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As we all have seen, Apple (NASDAQ:AAPL) stock has been crushed recently. From an all-time high of $705 on 9/21/12, the stock has fallen precipitously and is now below $500 a share (a 30% decline as of today). Jeff Gundlack, the outspoken founder of DoubleLine Capital, believes the stock will retrace its entire run-up and drop to $425 again. Analysts have done their "channel checks" and concluded that demand for the iPhone (Apple's most profitable product) is not as strong as need be to meet or beat earnings expectations.

I do not believe that any of these analysts have a real idea what is going on in Apple's supply chain. It is so vast and so complex that no one except Apple can be sure what component orders look like. The sell-side analysts are paid to speculate, and that is what they are doing.

I, of course, have no idea what earnings or guidance will be when Apple reports its financial results for the December quarter next week, but there are a number of things the Board of Directors can do to help stabilize the share price and even put a floor on it going forward.

As of September 30, 2012, Apple had cash and cash equivalents of $121B on its balance sheet. Now is the time to start making that cash work for shareholders. Here are a few ways to do just that.

1. Apple should double the dividend payout. In Apple's FY2012, the Company generated $42.5B in free cash flow (cash from operations less capital expenditures). The current dividend will cost the Company approximately $10B a year. Why not double the dividend? At the current stock price, the yield would rise to a very respectable 4%+, making it much more of a value play and opening the stock up to the huge league of stock investors that buy stocks for the dividend income stream. With a $120B backstop and only a 50% payout ratio, the dividend would remain super safe.

2. Apple needs to split the stock 10-for-1. The stock price is too high. Even with a 4% dividend, many retail investors shy away from buying stocks that are $500 per share. Whether it's purely psychological or it's because people cannot afford $500, retail investors will be much more likely to buy Apple stock at $50 per share than at $500 a share. At $50 a share, Apple stock will be on par with all the other blue chip stocks that are primarily held for their dividends. It will go a long way toward putting a floor on the stock price for many years to come. A $50 Apple stock price, trading at 10x EPS and paying a 4%+ dividend will be very attractive to retail investors...much more than a $500 stock paying a 2% dividend.

3. Apple needs to buy back larger amounts of stock when the stock is trading at attractive multiples. Currently, Apple has stated that the Company will only buy back enough stock to offset stock issued for compensation. In FY2012, only $2B of stock would have been repurchased under this new policy. That is less than one-half of one percent of the outstanding stock (based on the current market cap of $460B). It's clear that the $120B in cash on the balance sheet is doing next to nothing for shareholders. If the Company paid all of its current free-cash-flow runrate to shareholders (half in dividends and half in buybacks) Apple could maintain the ridiculous $120B in cash for whatever purposes Apple wants.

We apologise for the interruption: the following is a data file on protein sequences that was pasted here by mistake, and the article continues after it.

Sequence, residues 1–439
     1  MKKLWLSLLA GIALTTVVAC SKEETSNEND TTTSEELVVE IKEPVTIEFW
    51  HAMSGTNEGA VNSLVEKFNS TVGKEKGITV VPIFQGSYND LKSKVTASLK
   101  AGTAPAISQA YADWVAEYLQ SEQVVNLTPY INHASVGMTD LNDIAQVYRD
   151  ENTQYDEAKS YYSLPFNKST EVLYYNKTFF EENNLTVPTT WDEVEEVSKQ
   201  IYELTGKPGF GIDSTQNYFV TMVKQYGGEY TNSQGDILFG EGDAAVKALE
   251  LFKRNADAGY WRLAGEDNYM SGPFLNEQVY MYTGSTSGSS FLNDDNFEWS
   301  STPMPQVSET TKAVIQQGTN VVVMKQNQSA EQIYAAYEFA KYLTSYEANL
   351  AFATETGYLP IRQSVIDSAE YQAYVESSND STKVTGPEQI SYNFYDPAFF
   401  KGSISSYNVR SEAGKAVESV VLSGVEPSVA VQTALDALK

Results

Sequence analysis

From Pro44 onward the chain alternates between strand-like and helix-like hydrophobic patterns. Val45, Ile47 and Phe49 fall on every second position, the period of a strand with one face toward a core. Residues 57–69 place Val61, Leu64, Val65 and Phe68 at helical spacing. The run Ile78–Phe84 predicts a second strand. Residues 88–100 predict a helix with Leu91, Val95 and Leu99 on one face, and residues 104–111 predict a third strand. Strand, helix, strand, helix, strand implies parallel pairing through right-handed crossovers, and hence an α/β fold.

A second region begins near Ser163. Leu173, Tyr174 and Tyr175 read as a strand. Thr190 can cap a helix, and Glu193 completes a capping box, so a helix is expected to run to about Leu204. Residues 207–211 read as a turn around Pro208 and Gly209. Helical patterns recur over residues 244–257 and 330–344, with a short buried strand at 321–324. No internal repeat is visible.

What would keep Apple from making these shareholder friendly moves? Well, first a large chunk of that cash is held off-shore for tax purposes and is not likely to be repatriated for payment to shareholders, barring a federal tax holiday. That could put a strain on the amount of cash available to return to shareholders. Still, there are creative ways around such a restriction. Other cash cows such as Microsoft borrow money to use for shareholder payouts. Apple could borrow tens of billions at dirt cheap rates (probably less than the U.S. Government!) to fund shareholder payouts.

Another reason why Apple might not want to make these shareholder friendly moves is because the perception might be that the Company is no longer an innovator and that Apple has played its last hand. That may be true. What is the next great money maker for Apple? An iTV? Maybe the Company does not have one at this point, but so what? Its existing products continue to be best sellers and should be for many years to come. It is true that the hyper growth days of Apple are probably over - the sooner the Company comes to grip with this the better all shareholders will be. Apple enjoys tremendous financial flexibility as a result of its balance sheet. Why not use some of that flexibility to defend the stock?

Longer term, the real worry for Apple is its gross margins, particularly on the iPhone. I do not see EPS growing much above $50/share because of the margin pressure. However, if the Company would start buying back 3-4% of the outstanding stock a year, we could see a solid 10% annual growth in EPS for many years. It is now time to view Apple as a value stock, not a hyper growth stock. If the Board of Directors at Apple adopt these more shareholder friendly moves, it will go a long way toward drawing in those retail investors looking for decent growth and a nice dividend. These investors will significantly lower the volatility of the stock and set the stage for steady (albeit much lower) growth going forward.

Source: Dear Apple Board, This Is How You Defend The Share Price